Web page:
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Clin Infect Dis. 2014 May;58(9):1250-7. doi: 10.1093/cid/ciu108. Epub 2014 Feb 27.

Racial disparities in invasive Streptococcus pneumoniae infections, 1998-2009.

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Epidemic Intelligence Service.



Before the introduction of 7-valent pneumococcal conjugate vaccine (PCV7), invasive pneumococcal disease (IPD) rates among blacks were twice the rates in whites. We measured the effects of trends in PCV7-type and non-PCV7-type IPD rates on racial disparities in overall IPD and estimated the proportion of IPD caused by serotypes included in the 13-valent pneumococcal conjugate vaccine (PCV13).


We analyzed data from the Active Bacterial Core surveillance system, which performs active, laboratory- and population-based surveillance for IPD for 29.2 million people in the United States, for the period 1998-2009. For patients with unknown race, we multiplied imputed race to calculate age-, race-, and serotype-specific IPD incidence rates.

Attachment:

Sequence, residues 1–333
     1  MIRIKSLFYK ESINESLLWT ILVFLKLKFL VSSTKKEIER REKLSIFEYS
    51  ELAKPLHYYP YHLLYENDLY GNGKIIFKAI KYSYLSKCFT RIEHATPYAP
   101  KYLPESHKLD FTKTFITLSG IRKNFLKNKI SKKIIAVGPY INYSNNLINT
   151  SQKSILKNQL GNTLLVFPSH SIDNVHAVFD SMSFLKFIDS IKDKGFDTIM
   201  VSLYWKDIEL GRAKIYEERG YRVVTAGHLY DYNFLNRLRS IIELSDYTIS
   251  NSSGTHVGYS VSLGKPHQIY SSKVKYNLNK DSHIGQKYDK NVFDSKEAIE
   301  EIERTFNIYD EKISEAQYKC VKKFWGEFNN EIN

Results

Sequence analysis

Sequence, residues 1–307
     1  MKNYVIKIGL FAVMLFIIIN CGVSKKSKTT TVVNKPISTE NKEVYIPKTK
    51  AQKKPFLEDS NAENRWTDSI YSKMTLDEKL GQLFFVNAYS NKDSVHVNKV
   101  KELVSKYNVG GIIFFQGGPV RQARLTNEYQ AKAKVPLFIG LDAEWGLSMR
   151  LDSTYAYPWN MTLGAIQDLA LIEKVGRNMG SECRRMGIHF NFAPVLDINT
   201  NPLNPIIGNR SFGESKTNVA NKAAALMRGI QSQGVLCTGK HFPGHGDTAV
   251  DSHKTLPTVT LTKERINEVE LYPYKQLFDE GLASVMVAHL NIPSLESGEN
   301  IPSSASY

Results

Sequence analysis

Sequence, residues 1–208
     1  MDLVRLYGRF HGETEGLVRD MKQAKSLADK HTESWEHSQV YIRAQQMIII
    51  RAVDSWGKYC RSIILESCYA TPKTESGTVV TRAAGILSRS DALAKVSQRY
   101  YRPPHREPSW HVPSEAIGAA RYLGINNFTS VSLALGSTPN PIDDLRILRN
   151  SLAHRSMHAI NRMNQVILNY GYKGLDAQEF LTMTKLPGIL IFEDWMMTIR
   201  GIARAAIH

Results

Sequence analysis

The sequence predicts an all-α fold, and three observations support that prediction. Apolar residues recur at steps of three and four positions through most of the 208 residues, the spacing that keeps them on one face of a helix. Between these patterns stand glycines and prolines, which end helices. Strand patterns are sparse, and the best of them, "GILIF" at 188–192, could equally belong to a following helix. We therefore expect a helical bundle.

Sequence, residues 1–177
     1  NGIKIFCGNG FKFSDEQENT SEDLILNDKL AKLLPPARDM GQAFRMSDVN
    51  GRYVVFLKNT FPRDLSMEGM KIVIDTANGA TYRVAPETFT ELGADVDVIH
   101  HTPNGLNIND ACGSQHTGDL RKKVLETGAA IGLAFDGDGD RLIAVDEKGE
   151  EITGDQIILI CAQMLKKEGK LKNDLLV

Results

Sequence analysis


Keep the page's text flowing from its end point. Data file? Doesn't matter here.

During 1998-2009, 47 449 IPD cases were identified; race was unknown for 5419 (11%). After multiple imputation, 31 981 (67%) patients were considered white and 13 750 (29%) black. PCV7-type IPD rates in all ages in both races decreased to <1 case per 100 000, whereas there were no decreases in overall IPD rates after 2002. By 2009, PCV13 serotypes caused 71% of cases among whites aged <5 years compared with 58% among blacks (P < .01). PCV13 serotypes caused 50% of IPD cases in whites aged ≥5 years compared with 43% among blacks (P < .01).


Despite near elimination of PCV7-type IPD in both races, overall disparities in IPD rates persisted because non-PCV7-type IPD rates are higher among blacks. Whereas PCV13 introduction may reduce racial disparities in IPD, higher valency conjugate vaccines and strategies to directly address underlying causes are needed to eliminate IPD disparities.


Streptococcus pneumoniae; continental population groups; pneumocccal vaccines

[Indexed for MEDLINE]

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